How Pakistani Mangoes Became Maoist Propaganda

The regifting of a fruit sparked a political frenzy in a country where they were little-known.

Feature Poster of Mao's Mangoes
Poster of mango on porcelain plate, 1968 (Museum Rietberg Zurich, courtesy of Alfreda Murck)

Myles Karp


March 8, 2021

Revolutionary movements need symbols. The communists of the Russian Revolution used the iconic hammer and sickle to communicate the power of workers and farmers. The American Revolution had the “Don’t Tread On Me” flag, with a rattlesnake symbolizing tenacious defensiveness. And for a while, Mao Zedong’s Cultural Revolution in China had mangoes.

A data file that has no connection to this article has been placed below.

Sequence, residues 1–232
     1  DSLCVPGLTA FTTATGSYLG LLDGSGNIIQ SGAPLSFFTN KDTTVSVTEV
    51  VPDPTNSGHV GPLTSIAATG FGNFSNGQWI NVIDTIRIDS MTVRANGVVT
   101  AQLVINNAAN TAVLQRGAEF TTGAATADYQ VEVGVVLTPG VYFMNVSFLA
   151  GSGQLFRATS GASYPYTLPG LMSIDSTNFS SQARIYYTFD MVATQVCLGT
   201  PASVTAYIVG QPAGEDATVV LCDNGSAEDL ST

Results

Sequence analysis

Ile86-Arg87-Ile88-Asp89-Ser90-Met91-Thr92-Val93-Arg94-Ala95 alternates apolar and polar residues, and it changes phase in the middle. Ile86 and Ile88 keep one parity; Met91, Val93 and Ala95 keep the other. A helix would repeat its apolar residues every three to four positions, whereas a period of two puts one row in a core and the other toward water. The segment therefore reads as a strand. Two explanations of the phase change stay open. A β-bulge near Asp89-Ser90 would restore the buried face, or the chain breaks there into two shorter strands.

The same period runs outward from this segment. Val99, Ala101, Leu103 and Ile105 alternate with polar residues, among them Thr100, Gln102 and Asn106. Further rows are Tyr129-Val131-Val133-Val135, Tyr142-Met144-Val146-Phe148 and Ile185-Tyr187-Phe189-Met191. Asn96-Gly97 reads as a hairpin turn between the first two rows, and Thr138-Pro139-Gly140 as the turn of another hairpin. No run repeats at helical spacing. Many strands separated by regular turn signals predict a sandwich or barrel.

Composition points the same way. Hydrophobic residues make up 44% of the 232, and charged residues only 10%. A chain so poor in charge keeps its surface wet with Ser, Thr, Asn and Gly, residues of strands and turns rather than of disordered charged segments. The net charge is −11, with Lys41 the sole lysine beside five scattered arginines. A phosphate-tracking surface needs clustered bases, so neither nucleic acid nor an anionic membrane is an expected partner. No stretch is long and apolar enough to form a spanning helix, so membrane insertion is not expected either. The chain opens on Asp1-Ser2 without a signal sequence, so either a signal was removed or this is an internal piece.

For the last two years of the 1960s, China practically worshipped mangoes. Rotting mangoes were preserved in formaldehyde and enshrined in glass, wax casts of mangoes featured prominently in home altars, papier-mâché mangoes paraded around Beijing in state processions. But eating the precious fruit, which became almost a religious relic, was virtually unthinkable.

This is the story of how and why the mango, with limited familiarity and history in China, became a symbol of Chairman Mao and his revolutionary struggle to root out his opposition.

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